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Mechanics Corner: Painting farm machinery

Andy Overbay Published on 17 October 2014

I had a friend tell me one time that my dad was like his: “He doesn’t care what it looks like as long as it runs.” My thought was, “This guy sure doesn’t know David Overbay.”

One thought that was drilled into me from a boy is that cleaner really does run better, and one of Dad’s favorite sayings when asked why he bought a new tractor or took the time to paint an old one was, “Every once in a while, I like to burn the paint off a manifold.”



As we well know, using farm equipment places them in situations, especially around a dairy, where a clean, fresh paint job is hard to maintain. In order to keep a sound protective finish on our machines, we need to freshen the paint from time to time.

This is problematic because few farms have the luxury of a dedicated paint booth and proper painting equipment. Goodness knows we didn’t, but that didn’t stop us from getting the job done.

Over the years, I have seen a wide range of paint job “successes.” Some were pristine, mirror-like finishes. Some were epic failures. As a youngster, Dad liked to have me paint things like truck frame rails and other less-than-noticeable areas because I was small enough to get in there and I put the paint on thick … not recommended, by the way.

I can remember one truck-frame job years ago when a neighbor visited and inspected our new dump bed that Dad had built. When the neighbor asked about me painting the frame, Dad remarked, “Andy does a good job. I know if he gets as much paint on the truck as he does on himself, it will last a long time.”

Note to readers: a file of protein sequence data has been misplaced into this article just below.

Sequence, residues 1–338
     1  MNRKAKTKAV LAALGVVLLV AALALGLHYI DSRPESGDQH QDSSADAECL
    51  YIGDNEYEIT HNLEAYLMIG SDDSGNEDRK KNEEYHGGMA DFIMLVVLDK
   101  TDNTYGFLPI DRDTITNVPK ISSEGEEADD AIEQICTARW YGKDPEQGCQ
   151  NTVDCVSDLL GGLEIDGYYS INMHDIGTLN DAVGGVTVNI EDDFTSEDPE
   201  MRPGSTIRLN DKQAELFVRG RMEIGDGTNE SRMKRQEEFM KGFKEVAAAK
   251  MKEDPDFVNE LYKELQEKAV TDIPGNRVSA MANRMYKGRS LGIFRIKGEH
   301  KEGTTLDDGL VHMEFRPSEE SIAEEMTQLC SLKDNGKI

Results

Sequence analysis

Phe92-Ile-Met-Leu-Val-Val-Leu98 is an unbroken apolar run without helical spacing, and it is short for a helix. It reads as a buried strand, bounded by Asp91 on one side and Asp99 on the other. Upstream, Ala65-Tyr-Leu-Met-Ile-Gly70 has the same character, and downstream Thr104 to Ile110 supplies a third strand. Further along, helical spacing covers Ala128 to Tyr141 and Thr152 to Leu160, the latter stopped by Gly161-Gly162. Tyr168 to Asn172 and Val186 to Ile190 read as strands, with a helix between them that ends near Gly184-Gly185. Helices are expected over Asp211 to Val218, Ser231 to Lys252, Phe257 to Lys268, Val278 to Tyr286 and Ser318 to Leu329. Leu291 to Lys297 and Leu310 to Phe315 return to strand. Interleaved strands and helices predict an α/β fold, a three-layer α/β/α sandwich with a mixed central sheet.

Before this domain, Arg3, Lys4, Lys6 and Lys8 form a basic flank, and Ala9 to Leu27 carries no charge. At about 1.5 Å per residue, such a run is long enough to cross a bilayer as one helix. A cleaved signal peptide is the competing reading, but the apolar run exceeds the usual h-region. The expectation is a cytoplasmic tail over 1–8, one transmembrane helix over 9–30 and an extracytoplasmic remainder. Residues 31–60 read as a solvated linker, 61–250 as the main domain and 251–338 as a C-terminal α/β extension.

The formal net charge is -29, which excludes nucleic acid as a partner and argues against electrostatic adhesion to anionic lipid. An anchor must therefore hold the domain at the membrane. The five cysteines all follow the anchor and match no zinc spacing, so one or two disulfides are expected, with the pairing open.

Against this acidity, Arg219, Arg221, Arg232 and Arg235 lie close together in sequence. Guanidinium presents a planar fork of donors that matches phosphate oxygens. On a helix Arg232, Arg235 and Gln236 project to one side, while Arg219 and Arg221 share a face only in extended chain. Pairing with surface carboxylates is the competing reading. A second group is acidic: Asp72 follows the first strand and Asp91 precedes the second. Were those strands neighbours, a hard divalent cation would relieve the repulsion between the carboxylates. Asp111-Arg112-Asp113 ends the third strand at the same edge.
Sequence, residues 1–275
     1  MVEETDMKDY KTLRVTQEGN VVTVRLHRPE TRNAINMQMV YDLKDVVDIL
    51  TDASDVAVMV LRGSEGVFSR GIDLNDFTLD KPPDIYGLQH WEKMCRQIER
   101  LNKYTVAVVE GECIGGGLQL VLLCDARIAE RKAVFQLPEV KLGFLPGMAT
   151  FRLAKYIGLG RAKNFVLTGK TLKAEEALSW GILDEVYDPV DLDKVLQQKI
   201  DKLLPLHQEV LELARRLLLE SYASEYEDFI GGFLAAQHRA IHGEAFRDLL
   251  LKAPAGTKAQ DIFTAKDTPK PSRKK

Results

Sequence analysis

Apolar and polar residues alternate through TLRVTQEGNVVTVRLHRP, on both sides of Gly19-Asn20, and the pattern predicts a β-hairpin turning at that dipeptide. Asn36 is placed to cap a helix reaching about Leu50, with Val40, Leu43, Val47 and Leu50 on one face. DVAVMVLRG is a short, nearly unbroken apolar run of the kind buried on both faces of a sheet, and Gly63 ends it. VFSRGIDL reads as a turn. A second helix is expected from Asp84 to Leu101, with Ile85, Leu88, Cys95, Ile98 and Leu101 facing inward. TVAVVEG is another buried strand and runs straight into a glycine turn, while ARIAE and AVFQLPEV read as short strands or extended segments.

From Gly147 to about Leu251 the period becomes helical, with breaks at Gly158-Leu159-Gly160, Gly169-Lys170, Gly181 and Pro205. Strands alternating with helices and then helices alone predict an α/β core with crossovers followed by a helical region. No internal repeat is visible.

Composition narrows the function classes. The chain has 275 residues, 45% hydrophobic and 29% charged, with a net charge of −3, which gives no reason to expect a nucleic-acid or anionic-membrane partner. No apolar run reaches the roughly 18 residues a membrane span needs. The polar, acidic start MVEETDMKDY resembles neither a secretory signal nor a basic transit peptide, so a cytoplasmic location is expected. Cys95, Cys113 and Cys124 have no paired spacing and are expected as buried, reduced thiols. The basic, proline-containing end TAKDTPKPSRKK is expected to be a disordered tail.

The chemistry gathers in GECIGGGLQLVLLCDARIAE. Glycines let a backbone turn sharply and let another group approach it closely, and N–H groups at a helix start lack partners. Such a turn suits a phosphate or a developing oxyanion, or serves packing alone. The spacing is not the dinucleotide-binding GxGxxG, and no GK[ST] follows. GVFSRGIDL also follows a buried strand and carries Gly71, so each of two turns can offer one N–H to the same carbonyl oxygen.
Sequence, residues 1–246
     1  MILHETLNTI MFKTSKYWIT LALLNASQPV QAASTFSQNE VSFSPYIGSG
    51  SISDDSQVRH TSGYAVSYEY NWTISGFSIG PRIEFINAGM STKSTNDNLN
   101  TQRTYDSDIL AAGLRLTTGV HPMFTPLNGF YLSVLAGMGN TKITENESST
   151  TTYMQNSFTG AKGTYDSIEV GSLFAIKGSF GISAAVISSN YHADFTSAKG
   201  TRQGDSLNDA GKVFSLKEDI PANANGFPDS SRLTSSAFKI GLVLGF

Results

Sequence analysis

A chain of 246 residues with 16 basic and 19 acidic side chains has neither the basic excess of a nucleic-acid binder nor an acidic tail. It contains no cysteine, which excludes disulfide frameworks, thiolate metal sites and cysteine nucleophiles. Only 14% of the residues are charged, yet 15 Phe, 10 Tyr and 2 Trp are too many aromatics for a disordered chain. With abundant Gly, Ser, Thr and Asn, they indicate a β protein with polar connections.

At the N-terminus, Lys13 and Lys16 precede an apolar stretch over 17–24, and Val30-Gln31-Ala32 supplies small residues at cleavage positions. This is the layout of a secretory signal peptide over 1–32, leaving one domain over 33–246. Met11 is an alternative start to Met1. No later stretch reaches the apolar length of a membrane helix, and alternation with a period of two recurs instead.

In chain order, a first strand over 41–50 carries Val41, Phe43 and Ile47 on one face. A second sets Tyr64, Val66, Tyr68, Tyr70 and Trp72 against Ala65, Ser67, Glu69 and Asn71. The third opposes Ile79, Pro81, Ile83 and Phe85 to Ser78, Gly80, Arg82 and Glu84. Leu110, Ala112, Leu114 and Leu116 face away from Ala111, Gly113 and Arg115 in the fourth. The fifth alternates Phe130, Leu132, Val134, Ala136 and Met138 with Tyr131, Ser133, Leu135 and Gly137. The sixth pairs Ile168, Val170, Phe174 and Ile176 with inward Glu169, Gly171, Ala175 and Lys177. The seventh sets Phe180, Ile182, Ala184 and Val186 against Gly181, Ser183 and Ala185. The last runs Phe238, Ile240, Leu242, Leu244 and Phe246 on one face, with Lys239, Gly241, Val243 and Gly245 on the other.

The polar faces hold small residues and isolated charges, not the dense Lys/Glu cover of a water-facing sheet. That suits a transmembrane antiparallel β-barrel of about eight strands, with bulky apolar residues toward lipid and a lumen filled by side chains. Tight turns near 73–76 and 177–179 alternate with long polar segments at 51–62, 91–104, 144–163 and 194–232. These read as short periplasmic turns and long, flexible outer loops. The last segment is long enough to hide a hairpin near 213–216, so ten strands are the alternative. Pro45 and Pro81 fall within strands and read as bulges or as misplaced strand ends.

Painting equipment properly takes time and, just like building a house, a good foundation is essential to doing a good job. There are as many options for paint formulations as there are colors themselves, but without a good, smooth base for the paint to adhere to, even $1,000-per-gallon paint is wasted.


Thoroughly cleaning and de-greasing the machine may take a great deal of time and several trips back to the drawing board. Cleaning and painting are very much like clipping show calves; after a while, you go blind and it all looks the same.

Sanding and using fillers to get that ultra-smooth finish is important, but it is also important to remember that the mechanical integrity of the machine must be maintained. Being overly aggressive with the sand blaster can ruin even a heavily made casting, causing leaks that require expensive repairs or replacement.

After you have achieved a nice smooth surface, selecting the appropriate paint to use will be a major factor in the overall success of your project. While I am not one that subscribes to the “more it costs the better it is” model, cheap paint is just that … cheap.

My best advice is to evaluate the use of the particular piece of equipment, the kind of torture it may be exposed to and ask someone who regularly paints equipment or cars in your area what they would recommend.

When you have decided on a formulation, be sure you have the proper equipment to apply the paint and a clean, dust-free place to paint. What you may find is that while getting a professional to paint your equipment is expensive, creating the environment for you to have the desired level of painting success in a do-it-yourself setting is even more costly.

The benefits of keeping a nice looking line of equipment are numerous. You will elevate the resale value, of course, but you will also find that keeping things neat and nice elevates the level of care taken when operating equipment.


No one cares more about equipment than the person who paid for it, so if you exhibit a “don’t care” attitude toward your machinery, don’t expect anyone you hire to do that for you. Finally, having a fresh, well-maintained line of machinery elevates the reputation you and your farming operation have in the community.

Looking successful makes things like getting a loan or even having a machinery auction easier and more profitable because you have a reputation as a person who cares about the details. PD

Andy Overbay holds a Ph.D. in ag education and has more than 40 years of hands-on dairy and farming experience.

andrew overbay

Andy Overbay
Extension Agent
Virginia Cooperative Extension